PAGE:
Central banks, their independence and their price stability mandates are the alpha and omega when it comes to answering the frequently asked question of whether we should be concerned about higher inflation after the pandemic. Central banks are helping the situation by correctly pursuing accommodative monetary policy. What they do next is vital for the global economy as it recovers from Covid-19.
Will central banks become an extended arm of over-indebted governments, leading to higher inflation? Or will they unflinchingly fight any excessive inflationary pressures like they have fought recent deflationary ones?
I believe that central bankers in the developed world will remain independent from the political cycle and determined to tame all excessive inflationary pressures. But their task might become much more difficult. As the current inflation debate shows, central banks may have to convince the general public about their intentions even before they start delivering on their goals.
Fears of inflation have been misplaced in the past. After the 2008 financial crisis, central banks used unconventional policies such as quantitative easing, zero or negative interest rates and foreign exchange interventions to bring down real interest rates and prevent deflation. This was because they were facing low demand and underused capacity, or a ‘negative output gap’, which was pushing prices down, not up.
By fuelling the monetary system, central banks were merely trying to make sure that commercial banks generated enough steam so the economy didn’t stop. The media cliché of money printing was imprecise and misleading.
The situation now is not entirely the same as it was after the 2008 recession. The US can be seen as a proxy for what is going to happen sooner or later in many developed countries.
The total money stock may be rising faster, but the velocity of money is falling. Although we long ago stopped believing in the monetarist direct link between money and inflation, that link is inflation-neutral in the current situation anyway. If, due to an inability or unwillingness to buy, the larger quantity of money in the system is not being spent, there will be no effective demand and hence no inflation.
Many governments are now taking an active fiscal approach, running up huge debts in the process. Government debt to gross domestic product ratios in the developed world are hitting levels last seen during the second world war. This is fine so long as governments are only providing compensation for the impact of the pandemic. However, some of the fiscal programmes (such as President Joe Biden’s $1.9tn American Rescue Plan) seem extravagant even to moderate mainstream economists. There is a danger that governments will not only overcompensate for the shortfall in demand, but directly overheat the economy and generate inflation pressures.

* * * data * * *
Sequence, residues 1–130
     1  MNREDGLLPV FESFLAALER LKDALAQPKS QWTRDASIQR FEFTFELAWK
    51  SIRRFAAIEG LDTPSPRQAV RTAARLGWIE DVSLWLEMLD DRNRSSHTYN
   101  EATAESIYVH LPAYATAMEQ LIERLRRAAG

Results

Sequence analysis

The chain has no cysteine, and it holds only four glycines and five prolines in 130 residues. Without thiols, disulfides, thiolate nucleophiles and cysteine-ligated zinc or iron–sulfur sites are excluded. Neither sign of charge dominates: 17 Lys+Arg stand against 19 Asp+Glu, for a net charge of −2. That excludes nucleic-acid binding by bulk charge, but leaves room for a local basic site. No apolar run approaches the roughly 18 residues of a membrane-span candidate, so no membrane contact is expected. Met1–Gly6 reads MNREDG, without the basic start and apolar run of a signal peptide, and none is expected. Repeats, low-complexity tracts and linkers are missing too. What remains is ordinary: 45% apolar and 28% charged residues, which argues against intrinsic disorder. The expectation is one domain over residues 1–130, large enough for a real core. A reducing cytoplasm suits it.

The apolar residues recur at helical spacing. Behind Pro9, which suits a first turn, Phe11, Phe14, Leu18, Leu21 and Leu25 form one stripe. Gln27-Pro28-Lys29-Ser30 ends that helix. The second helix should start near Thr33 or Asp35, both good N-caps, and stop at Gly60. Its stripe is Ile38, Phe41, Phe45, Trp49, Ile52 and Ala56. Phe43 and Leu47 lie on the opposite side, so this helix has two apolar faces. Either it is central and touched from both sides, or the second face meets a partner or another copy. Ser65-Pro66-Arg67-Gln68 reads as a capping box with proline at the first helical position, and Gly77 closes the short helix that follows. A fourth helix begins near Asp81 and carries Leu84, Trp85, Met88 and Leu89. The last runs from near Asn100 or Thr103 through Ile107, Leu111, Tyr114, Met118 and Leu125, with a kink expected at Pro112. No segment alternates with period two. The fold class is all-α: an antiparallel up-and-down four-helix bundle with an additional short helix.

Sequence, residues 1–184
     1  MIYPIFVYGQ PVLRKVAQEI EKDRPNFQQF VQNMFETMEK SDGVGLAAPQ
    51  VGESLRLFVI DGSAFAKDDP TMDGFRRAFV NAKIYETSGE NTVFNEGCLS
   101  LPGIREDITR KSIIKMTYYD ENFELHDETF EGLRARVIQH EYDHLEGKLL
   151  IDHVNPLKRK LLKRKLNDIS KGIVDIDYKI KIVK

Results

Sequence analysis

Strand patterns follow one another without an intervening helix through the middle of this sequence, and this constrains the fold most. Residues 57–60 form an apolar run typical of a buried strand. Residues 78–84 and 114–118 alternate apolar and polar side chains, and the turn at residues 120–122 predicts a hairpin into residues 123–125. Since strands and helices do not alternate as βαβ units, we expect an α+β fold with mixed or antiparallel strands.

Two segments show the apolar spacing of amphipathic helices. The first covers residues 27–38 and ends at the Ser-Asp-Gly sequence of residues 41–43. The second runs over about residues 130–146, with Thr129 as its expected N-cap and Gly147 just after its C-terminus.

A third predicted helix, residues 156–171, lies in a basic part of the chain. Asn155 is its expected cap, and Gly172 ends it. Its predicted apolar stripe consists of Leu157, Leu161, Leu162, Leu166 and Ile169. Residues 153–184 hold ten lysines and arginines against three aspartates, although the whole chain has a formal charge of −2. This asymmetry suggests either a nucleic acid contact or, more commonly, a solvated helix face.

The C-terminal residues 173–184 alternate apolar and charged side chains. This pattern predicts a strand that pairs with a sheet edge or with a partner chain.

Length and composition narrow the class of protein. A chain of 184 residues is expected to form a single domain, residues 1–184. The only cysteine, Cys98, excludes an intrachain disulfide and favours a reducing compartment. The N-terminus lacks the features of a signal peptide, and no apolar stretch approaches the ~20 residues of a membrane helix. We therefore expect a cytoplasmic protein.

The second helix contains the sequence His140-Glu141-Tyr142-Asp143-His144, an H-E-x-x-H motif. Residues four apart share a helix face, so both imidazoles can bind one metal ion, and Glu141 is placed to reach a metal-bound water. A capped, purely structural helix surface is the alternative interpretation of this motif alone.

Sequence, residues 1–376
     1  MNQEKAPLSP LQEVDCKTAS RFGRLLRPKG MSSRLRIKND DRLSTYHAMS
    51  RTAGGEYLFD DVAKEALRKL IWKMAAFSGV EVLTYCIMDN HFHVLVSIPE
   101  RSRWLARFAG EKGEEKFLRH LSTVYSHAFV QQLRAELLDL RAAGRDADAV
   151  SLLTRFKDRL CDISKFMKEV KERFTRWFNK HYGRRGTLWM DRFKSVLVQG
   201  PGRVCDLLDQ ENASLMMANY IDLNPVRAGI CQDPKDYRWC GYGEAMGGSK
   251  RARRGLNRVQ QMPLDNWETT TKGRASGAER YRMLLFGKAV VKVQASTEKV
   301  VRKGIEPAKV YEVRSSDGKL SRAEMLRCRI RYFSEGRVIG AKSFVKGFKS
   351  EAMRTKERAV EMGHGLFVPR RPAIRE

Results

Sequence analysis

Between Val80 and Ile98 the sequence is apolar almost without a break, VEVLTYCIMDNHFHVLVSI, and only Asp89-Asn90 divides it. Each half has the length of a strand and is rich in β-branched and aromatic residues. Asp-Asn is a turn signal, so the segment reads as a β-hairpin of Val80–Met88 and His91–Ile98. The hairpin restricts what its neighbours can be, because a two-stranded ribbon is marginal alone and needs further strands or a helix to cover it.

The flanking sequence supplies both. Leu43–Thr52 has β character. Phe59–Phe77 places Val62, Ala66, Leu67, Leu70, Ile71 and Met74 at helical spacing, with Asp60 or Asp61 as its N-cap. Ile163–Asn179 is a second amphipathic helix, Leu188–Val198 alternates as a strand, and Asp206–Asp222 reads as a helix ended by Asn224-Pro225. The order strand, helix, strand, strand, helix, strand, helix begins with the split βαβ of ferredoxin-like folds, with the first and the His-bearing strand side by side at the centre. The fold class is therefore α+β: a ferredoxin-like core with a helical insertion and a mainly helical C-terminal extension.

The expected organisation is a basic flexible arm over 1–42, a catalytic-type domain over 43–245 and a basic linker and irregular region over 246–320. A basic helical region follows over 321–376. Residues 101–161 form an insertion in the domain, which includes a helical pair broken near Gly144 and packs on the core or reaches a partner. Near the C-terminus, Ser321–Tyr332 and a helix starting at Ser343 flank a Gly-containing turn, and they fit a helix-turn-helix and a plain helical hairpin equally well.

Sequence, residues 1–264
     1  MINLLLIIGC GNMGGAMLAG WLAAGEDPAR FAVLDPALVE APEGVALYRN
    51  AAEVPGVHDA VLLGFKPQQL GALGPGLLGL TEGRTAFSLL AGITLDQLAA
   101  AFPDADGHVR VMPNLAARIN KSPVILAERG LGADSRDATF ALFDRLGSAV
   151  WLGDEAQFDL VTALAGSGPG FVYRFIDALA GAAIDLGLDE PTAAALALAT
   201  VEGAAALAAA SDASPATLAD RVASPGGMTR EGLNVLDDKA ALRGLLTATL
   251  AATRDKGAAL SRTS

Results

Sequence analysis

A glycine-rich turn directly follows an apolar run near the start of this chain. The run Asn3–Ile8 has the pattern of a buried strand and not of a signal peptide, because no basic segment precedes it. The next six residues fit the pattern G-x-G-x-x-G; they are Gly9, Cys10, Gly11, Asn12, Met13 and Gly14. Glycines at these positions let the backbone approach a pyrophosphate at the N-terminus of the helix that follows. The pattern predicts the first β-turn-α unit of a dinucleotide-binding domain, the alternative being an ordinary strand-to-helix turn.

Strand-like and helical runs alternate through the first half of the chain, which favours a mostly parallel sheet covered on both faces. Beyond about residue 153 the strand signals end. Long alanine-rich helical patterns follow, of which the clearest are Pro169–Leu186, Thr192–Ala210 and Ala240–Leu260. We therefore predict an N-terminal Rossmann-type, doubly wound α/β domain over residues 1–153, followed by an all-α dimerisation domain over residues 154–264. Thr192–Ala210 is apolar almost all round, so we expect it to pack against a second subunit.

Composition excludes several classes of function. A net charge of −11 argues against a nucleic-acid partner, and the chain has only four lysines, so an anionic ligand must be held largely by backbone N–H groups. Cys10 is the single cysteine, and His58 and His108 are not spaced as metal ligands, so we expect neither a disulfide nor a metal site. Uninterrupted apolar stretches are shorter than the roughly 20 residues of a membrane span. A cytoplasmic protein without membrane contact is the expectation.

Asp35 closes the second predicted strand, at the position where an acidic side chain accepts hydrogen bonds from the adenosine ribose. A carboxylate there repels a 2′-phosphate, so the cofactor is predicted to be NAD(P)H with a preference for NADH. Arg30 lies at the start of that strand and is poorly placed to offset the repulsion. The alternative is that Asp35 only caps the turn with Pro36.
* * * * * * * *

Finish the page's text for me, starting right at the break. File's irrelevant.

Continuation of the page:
In a key paper, veteran of the economic community Charles Goodhart and his colleague Manoj Pradhan offered a profound structural argument for being concerned about inflation. They posit that the great moderation era of anti-inflationary and deflationary pressures is over. The supply of cheap labour in Asia and Eastern Europe is drying up and cannot be renewed. On top of that, in the developed world the pandemic has strengthened the tendency towards localisation – the desire to bring production back home for reasons of security and resilience (however illusory that might be), and towards systemically more costly labour. Goodhart and Pradhan released a new book on this subject last year.
By contrast, the natural rate of interest –the interest rate consistent with stable inflation and economic equilibrium – is not rising in the developed world. This would suggest that the long-running downward pressure on inflation and interest rates is not over.
Pandemics tend to be followed by a period of ‘consumer euphoria’, which drives prices upwards. And consumer price indices have underestimated the true level of inflation for much of the pandemic. With many services unavailable and shops shut, people have been spending far more on basic foodstuffs – prices of which have been rising faster – and far less on clothing and footwear. The fixed weights of the CPI basket have been unable to take this into account. The IMF has made a quantitative estimate of this effect for the regions of the world.
So the question is whether the idea of ‘average inflation’ targeting, presented by the Fed at the 2020 Jackson Hole symposium, or the idea of redefining the objectives and mission of the European Central Bank (both of which might lead towards tolerating higher inflation) are coming at the right moment for the general public. There were more suitable times for central banks to consider tolerating higher inflation for good reasons, but not now.
To keep their credibility, and given the uncertainty, perhaps it is enough for central banks to stick with their current goals rather than start fiddling with incomprehensible redefinitions.
Mojmír Hampl is Head of Financial Sector Services, KPMG Czech Republic, and former Vice-Governor of the Czech National Bank. He is a research associate at the Systemic Risk Centre at the London School of Economics and lectures at the Tomas Bata University in Zlin.